I love the once-upon-a-time beginnings. They make dystopias appear utopian, so…
Once upon a time, there was a young prince, who co-ruled Egypt with his father. The young prince then became Pharaoh. However, this Pharaoh was unlike any other previous pharaoh. While his predecessors had accepted the supremacy of the priesthood of Amun, he decided to defy them.
His defiance was unique. He did something that had probably never crossed the mind of anyone until then.
He presented a new religion to Egyptians – a religion that was conceptually different in that it was focused on worshipping a single god, Aten. He changed his name and he moved his capital north to Akhetaten, a place we now know as Amarna, and ensured that many future historians would spend their lives scratching their heads.
Here are some of the questions that baffle the historians.
- What transformed a “satisfied Amun” into a Pharaoh who stood “in the stead of Aten”?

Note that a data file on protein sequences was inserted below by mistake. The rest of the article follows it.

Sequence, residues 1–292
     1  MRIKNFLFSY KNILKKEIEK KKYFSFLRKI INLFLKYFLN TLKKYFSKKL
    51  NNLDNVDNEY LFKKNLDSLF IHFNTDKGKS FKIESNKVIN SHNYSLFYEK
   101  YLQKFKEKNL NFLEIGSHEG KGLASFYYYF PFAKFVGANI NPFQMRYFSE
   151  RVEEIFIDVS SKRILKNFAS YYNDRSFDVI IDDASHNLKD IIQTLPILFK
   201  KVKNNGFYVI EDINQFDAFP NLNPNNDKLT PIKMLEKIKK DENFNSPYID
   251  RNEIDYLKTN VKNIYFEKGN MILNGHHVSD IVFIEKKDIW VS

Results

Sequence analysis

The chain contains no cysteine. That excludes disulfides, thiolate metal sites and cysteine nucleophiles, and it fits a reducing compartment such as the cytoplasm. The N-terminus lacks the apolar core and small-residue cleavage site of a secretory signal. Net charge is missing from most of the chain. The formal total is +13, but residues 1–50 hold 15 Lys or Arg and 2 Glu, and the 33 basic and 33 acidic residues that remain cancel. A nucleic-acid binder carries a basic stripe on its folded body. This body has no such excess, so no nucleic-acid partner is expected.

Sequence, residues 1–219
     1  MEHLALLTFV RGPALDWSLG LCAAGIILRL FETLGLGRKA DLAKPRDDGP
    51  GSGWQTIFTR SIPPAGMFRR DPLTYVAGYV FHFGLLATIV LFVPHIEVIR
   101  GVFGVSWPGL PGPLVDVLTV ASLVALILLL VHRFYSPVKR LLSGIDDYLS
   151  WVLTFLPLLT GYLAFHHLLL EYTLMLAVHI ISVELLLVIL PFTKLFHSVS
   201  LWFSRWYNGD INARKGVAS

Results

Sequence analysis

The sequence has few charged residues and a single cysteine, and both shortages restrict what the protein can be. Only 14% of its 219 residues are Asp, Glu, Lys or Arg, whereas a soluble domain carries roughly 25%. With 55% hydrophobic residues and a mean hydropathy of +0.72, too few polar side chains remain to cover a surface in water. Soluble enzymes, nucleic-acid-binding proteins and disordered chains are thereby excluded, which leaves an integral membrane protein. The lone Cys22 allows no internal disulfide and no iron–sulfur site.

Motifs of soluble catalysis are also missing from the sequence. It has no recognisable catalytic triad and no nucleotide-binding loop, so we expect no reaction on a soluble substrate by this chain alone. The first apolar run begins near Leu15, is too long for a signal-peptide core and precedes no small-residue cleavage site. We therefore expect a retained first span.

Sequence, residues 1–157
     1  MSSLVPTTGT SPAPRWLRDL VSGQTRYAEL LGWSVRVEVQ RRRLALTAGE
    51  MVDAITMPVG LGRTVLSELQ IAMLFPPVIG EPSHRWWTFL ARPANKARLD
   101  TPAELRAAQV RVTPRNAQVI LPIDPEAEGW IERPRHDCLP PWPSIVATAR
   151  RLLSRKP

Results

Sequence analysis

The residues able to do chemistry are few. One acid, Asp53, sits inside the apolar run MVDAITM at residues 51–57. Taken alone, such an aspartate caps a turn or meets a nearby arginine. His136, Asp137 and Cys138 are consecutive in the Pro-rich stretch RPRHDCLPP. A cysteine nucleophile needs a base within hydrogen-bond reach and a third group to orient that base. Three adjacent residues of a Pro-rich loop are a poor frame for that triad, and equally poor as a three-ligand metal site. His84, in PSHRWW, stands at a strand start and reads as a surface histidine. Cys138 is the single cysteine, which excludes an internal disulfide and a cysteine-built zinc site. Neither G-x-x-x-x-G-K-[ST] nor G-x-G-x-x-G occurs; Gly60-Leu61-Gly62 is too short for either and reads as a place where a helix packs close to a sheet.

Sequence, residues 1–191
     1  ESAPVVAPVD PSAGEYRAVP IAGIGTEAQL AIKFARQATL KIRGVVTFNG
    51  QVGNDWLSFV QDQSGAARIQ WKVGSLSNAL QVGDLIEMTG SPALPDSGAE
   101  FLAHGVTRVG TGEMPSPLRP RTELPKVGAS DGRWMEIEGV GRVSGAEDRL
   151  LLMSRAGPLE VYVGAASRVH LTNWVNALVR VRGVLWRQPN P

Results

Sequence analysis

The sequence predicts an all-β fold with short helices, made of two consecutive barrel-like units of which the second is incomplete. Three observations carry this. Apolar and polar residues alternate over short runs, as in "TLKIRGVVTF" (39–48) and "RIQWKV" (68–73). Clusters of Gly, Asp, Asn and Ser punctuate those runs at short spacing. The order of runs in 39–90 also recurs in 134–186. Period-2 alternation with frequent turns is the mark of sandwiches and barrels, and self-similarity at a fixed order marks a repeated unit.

- What changed Amunhotep into Akhenaten?
- Was he merely the agent of this change, or was he the master-mind?
- Why did he move the capital of Egypt to Amarna?
- Was he as vertically-stretched in life as he appears in his statues?
I love unanswered questions.
They breed fiction.
I like to think that Akhenaten was a rebel right from his childhood. He grew up in a time when the Amun priesthood equalled if not superseded the royalty in power. Polytheistic religions allow a person to be partial to a god (to have a favorite deity,) and I won’t be surprised if young Akhenaten (then Amenhotep IV) had Aten as his favorite deity through his childhood. He grew up in the shadow of his father, Amenhotep the Magnificent. Akhenaten wasn’t a warrior or a hunter like his father, he was possibly an introvert, who clung to his favorite deity Aten. In the times of the yore, when everything, good or bad, was attributed to a major or minor god, it’s possible the Akhenaten felt indebted to Aten for something (for Nefertiti – the beautiful one; for the double crown…) and so went beyond making the usual I’ll-make-a-temple-for-you promise, and made him a city.
Fiction? Maybe not.
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